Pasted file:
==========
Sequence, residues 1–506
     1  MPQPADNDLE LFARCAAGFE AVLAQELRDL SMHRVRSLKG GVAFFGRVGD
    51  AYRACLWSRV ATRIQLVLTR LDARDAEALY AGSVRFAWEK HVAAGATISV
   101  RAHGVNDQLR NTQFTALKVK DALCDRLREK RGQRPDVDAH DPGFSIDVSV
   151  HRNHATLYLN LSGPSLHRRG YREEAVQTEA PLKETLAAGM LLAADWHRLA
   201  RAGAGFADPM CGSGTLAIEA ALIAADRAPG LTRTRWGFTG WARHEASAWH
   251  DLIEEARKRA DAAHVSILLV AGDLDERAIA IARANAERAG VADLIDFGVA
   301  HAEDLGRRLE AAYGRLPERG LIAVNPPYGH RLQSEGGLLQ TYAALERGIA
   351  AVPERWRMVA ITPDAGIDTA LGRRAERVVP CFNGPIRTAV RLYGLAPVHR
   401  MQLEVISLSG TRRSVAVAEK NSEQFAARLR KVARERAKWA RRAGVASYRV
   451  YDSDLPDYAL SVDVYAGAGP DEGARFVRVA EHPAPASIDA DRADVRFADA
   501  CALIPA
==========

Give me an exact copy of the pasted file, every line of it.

Sequence, residues 1–506
     1  MPQPADNDLE LFARCAAGFE AVLAQELRDL SMHRVRSLKG GVAFFGRVGD
    51  AYRACLWSRV ATRIQLVLTR LDARDAEALY AGSVRFAWEK HVAAGATISV
   101  RAHGVNDQLR NTQFTALKVK DALCDRLREK RGQRPDVDAH DPGFSIDVSV
   151  HRNHATLYLN LSGPSLHRRG YREEAVQTEA PLKETLAAGM LLAADWHRLA
   201  RAGAGFADPM CGSGTLAIEA ALIAADRAPG LTRTRWGFTG WARHEASAWH
   251  DLIEEARKRA DAAHVSILLV AGDLDERAIA IARANAERAG VADLIDFGVA
   301  HAEDLGRRLE AAYGRLPERG LIAVNPPYGH RLQSEGGLLQ TYAALERGIA
   351  AVPERWRMVA ITPDAGIDTA LGRRAERVVP CFNGPIRTAV RLYGLAPVHR
   401  MQLEVISLSG TRRSVAVAEK NSEQFAARLR KVARERAKWA RRAGVASYRV
   451  YDSDLPDYAL SVDVYAGAGP DEGARFVRVA EHPAPASIDA DRADVRFADA
   501  CALIPA